With regard to the more specific question about motivation for ESP or ESAP, as far back as 1971, Strevens (1971) and Wingard (1971) draw attention to the frustrations felt by science students when studying inappropriate English. Wingard – at the University of Zambia – reports that talks on scientific topics by both students and staff were ranked highly on student questionnaires. A few years later Jordan (1978) noted that on a pre-sessional course in Manchester in 1976, attention to the students’ subjects did seem to be motivating.
The ESP sessions were generally popular as the students felt they were “coming to grips” with their reason for being in Manchester at all, viz, their own subject (p. 13).
Other early reports by Gerry Abbott (1978), Diane Adams-Smith (1980), Ken James (1984) and Bob Jordan (1984) suggest that this is the case. James, for example, investigates subject specific in-sessional courses for bio-science students and Jordan with economics students. Adams-Smith describes a series of team-teaching situations in the faculty of medicine at the University of Kuwait which aim to motivate students – as well as lecturers – from a range of disciplines. In his 1988 state of the art article, Strevens (1988, p. 2) summarises the main claims for ESP:
- ESP, being focussed on the learner’s needs, wastes no time;
- ESP teaching is perceived as relevant by the learners;
- ESP in successful in imparting learning;
- ESP is more cost-effective than General English.
and argues that the experience of the previous 20 years suggests that it can be more motivating and successful.
From the vocabulary point of view, also, Sökmen (1997, p. 241) has pointed out that when students can draw on their existing background knowledge, they can connect a new word with words they already know, and make strong associations which enables learning to take place (see also Baddeley, 1990). It is also related to Piaget’s assimilation and accommodation (Piaget, 1952). Assimilation and accommodation are two processes through which knowledge of the outside world is internalised. In assimilation, what is perceived in the outside world is incorporated into the internal world – existing subject knowledge, without changing the structure of that internal world. In accommodation, the internal world has to accommodate itself to the external evidence with which it is confronted and adapt to it. Vygotsky’s ZPD (Vygotsky, 1987, p. 86) is similar. The zone of proximal development refers to the potential range of development for any given learner. It is determined in relation to the learner’s current knowledge and abilities and is the difference between what a learner can do without help and what he or she can do with help (or scaffolding).
More recently, Helen Basturkmen (2010) cites two studies that try to answer the question whether or not ESP programmes are more effective than general language courses. Kasper (1977) found that content-based instruction had a positive effect on students’ academic progress and success. Similarly, Song (2006) reported that students who received content based ESL instruction achieved more success in their ESL and subsequent academic courses.From an EO/PP point of view, González-Lloret & Nielson (2015) reported that in a task-based Spanish course, students did well and responded positively to the subject specificity of the course.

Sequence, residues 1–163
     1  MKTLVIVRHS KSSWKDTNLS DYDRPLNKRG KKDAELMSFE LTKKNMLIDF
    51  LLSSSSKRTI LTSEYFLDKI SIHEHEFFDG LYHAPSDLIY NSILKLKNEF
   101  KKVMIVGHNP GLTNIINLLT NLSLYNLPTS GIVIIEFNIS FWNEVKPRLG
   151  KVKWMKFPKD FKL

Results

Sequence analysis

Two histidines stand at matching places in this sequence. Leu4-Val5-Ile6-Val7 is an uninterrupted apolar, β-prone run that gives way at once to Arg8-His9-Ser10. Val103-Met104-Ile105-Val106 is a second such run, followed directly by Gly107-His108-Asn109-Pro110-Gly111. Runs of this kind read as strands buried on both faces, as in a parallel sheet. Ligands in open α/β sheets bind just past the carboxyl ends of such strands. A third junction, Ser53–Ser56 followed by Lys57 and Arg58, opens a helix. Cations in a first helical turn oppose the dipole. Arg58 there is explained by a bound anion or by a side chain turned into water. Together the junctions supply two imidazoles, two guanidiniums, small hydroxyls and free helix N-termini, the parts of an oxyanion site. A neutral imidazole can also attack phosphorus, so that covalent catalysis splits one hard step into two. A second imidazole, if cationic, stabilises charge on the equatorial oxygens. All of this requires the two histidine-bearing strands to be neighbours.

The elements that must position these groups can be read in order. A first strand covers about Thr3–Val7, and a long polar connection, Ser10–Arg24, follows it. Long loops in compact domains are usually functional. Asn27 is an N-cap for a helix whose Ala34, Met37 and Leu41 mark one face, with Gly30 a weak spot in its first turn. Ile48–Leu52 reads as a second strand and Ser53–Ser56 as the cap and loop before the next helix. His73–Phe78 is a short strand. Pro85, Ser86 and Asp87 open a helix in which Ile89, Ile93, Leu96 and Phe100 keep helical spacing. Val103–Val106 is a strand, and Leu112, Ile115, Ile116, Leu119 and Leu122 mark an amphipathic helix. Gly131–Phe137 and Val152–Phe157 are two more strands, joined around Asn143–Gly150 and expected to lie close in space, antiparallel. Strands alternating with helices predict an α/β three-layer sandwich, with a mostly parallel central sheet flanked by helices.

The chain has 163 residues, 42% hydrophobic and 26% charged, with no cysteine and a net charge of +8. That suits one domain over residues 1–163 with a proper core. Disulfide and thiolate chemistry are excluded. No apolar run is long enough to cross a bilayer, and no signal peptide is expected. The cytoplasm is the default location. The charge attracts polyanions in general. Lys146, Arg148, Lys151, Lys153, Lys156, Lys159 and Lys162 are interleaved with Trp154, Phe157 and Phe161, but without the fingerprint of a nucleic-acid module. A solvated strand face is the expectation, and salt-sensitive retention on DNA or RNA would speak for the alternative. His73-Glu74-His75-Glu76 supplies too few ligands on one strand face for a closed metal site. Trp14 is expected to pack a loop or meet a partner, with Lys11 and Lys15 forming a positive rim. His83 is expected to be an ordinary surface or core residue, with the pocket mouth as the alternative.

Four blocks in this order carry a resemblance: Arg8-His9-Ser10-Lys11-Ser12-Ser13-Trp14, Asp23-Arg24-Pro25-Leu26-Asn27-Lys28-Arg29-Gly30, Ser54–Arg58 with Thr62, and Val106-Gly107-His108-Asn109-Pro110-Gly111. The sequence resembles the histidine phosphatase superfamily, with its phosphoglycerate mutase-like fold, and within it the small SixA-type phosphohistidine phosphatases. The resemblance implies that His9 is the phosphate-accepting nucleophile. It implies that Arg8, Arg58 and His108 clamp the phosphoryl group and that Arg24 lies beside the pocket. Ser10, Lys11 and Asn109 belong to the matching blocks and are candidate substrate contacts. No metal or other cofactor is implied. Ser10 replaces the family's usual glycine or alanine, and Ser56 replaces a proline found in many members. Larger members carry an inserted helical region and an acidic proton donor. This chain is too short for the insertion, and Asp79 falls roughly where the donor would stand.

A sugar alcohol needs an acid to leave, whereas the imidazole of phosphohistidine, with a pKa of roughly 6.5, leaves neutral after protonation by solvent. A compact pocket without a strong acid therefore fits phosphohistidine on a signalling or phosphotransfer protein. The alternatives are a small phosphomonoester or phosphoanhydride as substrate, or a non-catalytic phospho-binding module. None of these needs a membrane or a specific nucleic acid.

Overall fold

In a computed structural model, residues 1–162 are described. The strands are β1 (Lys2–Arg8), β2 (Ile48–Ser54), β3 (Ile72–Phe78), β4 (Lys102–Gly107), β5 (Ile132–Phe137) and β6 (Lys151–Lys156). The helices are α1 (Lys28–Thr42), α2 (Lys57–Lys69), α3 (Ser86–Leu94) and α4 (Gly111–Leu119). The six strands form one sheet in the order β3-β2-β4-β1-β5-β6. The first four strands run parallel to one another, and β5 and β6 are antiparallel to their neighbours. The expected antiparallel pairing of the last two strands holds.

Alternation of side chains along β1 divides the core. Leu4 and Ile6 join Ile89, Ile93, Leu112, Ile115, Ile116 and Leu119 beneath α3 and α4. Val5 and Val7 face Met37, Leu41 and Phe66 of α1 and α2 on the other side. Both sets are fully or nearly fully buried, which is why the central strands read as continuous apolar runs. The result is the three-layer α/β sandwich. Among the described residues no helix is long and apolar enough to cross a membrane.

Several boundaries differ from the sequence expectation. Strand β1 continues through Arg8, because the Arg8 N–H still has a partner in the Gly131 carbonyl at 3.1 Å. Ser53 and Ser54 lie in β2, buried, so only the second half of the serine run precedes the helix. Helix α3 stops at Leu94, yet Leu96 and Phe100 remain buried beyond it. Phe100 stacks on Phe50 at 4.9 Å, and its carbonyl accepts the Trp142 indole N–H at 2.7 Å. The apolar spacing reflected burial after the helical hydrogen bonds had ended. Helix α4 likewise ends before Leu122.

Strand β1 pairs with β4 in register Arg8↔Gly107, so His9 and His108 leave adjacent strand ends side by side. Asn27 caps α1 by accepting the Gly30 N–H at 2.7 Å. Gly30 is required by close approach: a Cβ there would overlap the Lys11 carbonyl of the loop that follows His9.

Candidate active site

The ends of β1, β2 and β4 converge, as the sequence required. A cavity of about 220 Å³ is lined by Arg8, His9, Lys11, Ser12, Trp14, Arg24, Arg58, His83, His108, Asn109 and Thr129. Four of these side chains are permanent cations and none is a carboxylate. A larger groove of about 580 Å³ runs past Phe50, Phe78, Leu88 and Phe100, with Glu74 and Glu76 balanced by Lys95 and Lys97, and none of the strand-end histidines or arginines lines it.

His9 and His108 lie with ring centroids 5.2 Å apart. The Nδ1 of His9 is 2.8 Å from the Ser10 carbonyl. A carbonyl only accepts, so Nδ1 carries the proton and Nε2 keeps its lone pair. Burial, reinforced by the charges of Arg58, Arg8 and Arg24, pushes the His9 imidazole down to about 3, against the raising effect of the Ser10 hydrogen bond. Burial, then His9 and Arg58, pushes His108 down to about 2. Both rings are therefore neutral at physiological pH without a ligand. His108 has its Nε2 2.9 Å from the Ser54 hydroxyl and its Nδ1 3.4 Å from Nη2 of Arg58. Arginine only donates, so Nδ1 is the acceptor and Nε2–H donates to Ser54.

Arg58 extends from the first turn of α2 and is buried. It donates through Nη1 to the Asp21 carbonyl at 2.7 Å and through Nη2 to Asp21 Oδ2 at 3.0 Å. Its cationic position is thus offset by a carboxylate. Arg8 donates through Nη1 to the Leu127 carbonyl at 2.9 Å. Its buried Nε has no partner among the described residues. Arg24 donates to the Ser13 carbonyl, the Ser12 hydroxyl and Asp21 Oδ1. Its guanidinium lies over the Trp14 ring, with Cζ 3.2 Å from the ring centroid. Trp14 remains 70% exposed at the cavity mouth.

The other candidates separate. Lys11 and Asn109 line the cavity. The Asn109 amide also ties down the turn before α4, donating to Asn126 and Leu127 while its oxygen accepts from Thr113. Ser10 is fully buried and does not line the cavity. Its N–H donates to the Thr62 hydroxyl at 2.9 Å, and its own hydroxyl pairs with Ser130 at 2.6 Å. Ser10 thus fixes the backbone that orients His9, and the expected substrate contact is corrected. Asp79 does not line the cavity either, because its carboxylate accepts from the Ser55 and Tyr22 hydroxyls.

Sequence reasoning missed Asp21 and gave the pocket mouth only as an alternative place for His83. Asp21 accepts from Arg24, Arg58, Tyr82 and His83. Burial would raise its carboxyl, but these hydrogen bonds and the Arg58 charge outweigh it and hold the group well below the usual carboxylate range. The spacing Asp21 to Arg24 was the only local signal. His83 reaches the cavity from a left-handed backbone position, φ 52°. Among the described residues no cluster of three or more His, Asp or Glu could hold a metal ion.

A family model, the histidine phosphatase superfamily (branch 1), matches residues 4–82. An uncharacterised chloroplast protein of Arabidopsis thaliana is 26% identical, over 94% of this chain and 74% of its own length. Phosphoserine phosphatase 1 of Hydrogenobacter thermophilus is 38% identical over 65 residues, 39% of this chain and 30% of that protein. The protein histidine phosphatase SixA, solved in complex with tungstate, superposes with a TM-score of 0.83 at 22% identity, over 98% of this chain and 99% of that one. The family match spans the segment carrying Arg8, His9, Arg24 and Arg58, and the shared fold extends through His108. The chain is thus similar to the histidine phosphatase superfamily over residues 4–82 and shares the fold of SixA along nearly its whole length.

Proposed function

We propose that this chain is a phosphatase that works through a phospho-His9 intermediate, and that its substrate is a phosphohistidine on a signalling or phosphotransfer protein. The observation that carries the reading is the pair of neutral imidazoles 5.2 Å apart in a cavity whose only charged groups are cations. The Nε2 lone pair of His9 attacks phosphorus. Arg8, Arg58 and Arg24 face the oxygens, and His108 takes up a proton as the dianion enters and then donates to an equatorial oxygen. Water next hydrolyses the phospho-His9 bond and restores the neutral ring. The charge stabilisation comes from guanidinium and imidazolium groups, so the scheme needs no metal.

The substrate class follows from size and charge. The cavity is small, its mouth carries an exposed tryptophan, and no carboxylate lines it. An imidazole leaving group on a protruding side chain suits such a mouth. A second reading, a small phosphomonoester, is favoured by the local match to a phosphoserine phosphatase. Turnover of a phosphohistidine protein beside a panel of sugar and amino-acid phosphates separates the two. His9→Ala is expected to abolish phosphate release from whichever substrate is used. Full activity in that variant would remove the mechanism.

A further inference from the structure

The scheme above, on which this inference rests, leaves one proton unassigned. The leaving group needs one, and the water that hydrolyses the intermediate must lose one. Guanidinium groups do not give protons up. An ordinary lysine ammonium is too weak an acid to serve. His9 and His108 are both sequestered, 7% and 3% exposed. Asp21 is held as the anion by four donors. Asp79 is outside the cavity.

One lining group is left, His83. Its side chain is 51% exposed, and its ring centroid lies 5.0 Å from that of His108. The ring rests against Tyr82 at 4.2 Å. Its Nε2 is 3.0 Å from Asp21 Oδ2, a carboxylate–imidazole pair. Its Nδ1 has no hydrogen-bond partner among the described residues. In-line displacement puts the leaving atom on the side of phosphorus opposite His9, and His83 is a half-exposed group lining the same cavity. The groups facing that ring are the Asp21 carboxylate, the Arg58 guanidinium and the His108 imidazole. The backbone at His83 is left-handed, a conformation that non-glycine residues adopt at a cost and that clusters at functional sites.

Related to this is the concept of ‘relevance’ in motivation. As Chambers has pointed out (1999):
if pupils fail to see the relationship between the activity and the world in which they live, then the point of the activity is likely to be lost on them (p. 37).
This has been dealt with recently by, for example Kember, Ho & Hong (2008), Bryson & Hand (2007) and Woodrow (2013). Kember, Ho & Hong (2008) report findings from a study with 36 undergraduate students and found that students were motivated by a teaching environment that was felt to be relevant to their future career. Bryson & Hand (2007, p. 349) conclude that “Learners … are more likely to engage if they in turn are supported by teaching staff who engage with: students, with the subject, and with the teaching process”. From an EAP point of view, Woodrow (2013) concludes that in the case of pre-sessional EAP students, perceived relevance was a motivating force. Furthermore the research suggests that foundation programmes should have a closer alignment with the university programmes. In dealing with her students’ motivational problems in the Arabian Gulf, Malcolm (2013) concludes that, for her medical students, course materials focus on the language of science, medical terminology as well as assignments that require the reading of medical texts.
Overall, it does seem that there is some research evidence that students will be more motivated when the English course is directly related to their main subject course or professional needs. This is certainly something that EAP lecturers need to be concerned with. As Woodrow (2013) concludes:
Both pre-sessional institutions and universities have the responsibility to develop and maintain student motivation. To do this English teachers need to establish a closer link between language learning activities and content learning activities and tasks that are on university academic courses (p. 130).
See also: Porter Ladousse (1982) on needs and wants, Krashen (1985) on the affective filter and Hertzberg’s distinction between satisfiers (motivators) and dissatisfiers (hygiene factors) (Herzberg, Mausner & Synderman, 1959).
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(Thank you to Ema Ushioda for pointing me in the right direction here.)